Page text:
processes, leaving most of the questions open for
Th is report was in part sponsored by MH 47392,
DA 09010 and the Kiernan Wellness Center. We are
deeply indebted to Ms. Danielle Benz for her expertise
in the preparation of this manuscript.
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Pour faire le portrait
Peindre d‘abord une cage
avec une porte ouverte
quelque chose de joli
quelque chose de simple
quelque chose de beau
quelque chose d‘utile
placer ensuite la toile contre un arbre
dans un jardin
dans un bois
ou dans une forêt
se cacher derrière l‘arbre
sans rien dire
sans bouger ...
Parfois l‘oiseau arrive vite
mais il peut aussi bien mettre
de longues années
avant de se décider
Ne pas se décourager
attendre s‘il le faut pendant des années
la vitesse ou la lenteur de l‘arrivée
n‘ayant aucun rapport
avec la réussite du tableau
Quand l‘oiseau arrive
observer le plus profond silence
attendre que l‘oiseau entre dans la cage
et quand il est entré
fermer doucement la porte avec
eff acer un à un tous les barreaux
en ayant soin de ne toucher
aucune des plumes de l‘oiseau
Faire ensuite le portrait de l‘arbre
en choisissant la plus belle de ses branches
peindre aussi le vert feuillage et
la fraîcheur du vent
la poussière du soleil
et le bruit des bêtes de l‘herbe
dans la chaleur de l‘été
et puis attendre que l‘oiseau
se décide à chanter
Si l‘oiseau ne chante pas
c‘est mauvais signe
signe que le tableau est mauvais
mais s‘il chante c‘est bon signe
signe que vous pouvez signer
Alors vous arrachez tout doucement
une des plumes de l‘oiseau
et vous écrivez votre nom dans un
coin du tableau.
Jacques Prévert: Pour faire le portrait d‘un oiseau
Musíte nejdřív namalovat klec
s otevřenými dvířky
co ptáka přiláká
postavit plátno poblíž stromu
nebo v lese
ukrýt se za strom
nehnout ani brvou...
Někdy pták přiletí hned se vší kuráží
a jindy váhá celé roky
než se odváží
Nesmíte ztratit trpělivost
čekat třeba celou věčnost
však není nijak úměrný
Když konečně pták přiletí
pokud přiletí že
musíte mlčet z hloubi duše
počkat až vletí do klece
a když je uvnitř
musíte zlehka zavřít štetcem dvířka
smazat všecky mříže
a dávat pozor abyste mu nezkřivili ani
Musíte namalovat strom
a najít pro ptáka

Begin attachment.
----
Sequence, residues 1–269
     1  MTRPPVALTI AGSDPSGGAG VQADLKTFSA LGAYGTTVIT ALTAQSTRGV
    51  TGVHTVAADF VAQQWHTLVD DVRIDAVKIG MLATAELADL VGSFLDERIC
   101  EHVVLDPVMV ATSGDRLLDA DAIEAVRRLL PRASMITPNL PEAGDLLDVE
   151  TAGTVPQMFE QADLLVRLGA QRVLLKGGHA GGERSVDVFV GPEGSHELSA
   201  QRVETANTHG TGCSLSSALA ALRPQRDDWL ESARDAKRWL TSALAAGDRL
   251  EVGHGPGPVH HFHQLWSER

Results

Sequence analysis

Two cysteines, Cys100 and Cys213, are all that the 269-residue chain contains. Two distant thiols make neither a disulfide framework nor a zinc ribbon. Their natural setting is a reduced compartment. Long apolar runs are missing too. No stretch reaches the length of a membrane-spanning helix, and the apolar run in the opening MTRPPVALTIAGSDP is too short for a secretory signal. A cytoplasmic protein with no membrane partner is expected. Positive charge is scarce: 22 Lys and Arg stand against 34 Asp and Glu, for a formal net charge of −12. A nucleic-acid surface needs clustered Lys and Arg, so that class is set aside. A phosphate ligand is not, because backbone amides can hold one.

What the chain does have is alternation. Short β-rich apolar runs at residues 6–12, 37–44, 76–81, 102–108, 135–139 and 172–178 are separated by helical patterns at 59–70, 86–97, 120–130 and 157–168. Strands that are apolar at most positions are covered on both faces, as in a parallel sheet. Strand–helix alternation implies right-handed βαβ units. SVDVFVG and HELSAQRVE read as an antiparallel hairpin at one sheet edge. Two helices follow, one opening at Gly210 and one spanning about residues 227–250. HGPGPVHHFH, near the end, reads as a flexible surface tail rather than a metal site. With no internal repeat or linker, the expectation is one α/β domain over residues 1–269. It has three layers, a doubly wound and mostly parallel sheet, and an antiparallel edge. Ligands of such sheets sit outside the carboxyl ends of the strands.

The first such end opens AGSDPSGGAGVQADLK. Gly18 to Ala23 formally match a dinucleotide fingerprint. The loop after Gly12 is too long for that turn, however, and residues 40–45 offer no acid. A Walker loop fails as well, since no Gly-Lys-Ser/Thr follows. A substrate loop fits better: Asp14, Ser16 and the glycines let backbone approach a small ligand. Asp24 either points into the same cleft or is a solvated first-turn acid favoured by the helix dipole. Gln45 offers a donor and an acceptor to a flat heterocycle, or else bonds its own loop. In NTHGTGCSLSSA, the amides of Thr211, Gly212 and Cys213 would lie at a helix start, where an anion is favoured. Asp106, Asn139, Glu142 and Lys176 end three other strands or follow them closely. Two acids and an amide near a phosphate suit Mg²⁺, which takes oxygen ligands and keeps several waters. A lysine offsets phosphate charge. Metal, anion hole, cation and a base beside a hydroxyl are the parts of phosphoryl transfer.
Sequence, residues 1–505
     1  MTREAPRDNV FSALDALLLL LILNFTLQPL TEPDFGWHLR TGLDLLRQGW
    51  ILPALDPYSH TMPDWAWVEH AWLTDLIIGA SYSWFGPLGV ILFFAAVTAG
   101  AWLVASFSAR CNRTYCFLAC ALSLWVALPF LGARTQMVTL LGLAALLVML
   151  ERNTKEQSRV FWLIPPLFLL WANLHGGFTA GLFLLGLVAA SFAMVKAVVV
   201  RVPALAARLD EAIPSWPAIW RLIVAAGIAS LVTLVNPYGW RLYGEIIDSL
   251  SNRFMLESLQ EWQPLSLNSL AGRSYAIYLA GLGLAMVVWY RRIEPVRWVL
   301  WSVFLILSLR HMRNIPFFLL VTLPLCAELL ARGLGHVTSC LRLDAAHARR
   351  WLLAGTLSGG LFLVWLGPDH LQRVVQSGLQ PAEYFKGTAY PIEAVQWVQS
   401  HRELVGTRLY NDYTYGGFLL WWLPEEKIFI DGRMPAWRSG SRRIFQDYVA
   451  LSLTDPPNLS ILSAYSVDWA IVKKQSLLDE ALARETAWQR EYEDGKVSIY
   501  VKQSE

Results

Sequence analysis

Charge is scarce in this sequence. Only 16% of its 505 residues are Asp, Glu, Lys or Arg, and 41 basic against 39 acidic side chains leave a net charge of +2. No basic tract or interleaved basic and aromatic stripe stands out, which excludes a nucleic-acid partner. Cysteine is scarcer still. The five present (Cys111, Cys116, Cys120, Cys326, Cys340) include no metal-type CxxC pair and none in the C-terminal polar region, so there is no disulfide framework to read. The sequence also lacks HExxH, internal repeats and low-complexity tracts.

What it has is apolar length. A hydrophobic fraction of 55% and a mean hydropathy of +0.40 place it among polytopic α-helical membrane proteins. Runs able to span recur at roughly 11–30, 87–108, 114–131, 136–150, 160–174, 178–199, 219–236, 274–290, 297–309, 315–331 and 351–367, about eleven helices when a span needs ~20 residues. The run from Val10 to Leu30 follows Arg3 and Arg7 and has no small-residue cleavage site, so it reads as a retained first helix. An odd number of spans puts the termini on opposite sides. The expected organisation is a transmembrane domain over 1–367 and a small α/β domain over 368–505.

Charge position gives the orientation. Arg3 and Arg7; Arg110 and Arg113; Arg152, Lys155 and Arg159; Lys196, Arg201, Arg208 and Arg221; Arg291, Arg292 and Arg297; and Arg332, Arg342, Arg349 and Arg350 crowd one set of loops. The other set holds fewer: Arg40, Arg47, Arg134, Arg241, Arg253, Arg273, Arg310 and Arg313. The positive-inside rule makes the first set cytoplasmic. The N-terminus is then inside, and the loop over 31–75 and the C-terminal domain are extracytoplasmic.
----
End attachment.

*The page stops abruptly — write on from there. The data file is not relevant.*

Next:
tu nejkrásnější větev
a namalovat listí na větvích a svěží vánek
a bzukot hmyzu v žáru léta
a potom čekat až pták začne zpívat
je to zlé znamení
znamení že obraz není k ničemu než k
Když zpívá je to dobré znamení
znamení že obraz je bez kazu
jedno z ptačích per
a napište své jméno v rohu obrazu.
To paint a bird‘s
First of all, paint a cage
with an opened little door
then paint something attractive
something of benefi t for the bird
Put the picture on a tree
in a garden
in a wood
or in a forest
hide yourself behind the tree
Sometimes the bird arrives quickly
but sometimes it takes years
Don’t be discouraged
wait for years if necessary
the rapidity or the slowness of the arrival
doesn’t have any relationship
with the result of the picture
When the bird comes
if it comes
keep the deepest silence
wait until the bird enters the cage
and when entered in
Close the door softly with the brush
then remove one by the one all the bars
care not to touch any feather of the bird
Th en draw the portrait of the tree
choosing the most beautiful branch
for the bird
paint also the green foliage and the coolness
of the beasts of the grass in the summer’s heat
and then, wait that the bird starts singing
If the bird doesn’t sing
it’s a bad sign
it means that the picture is wrong
but if it sings it’s a good sign
it means that you can sign
so you tear with sweetness
a feather from the bird
and write your name in a corner
of the painting
268 Neuroendocrinology Letters No.3 June Vol.26, 2005 Copyright © Neuroendocrinology Letters ISSN 0172–780X www.nel.edu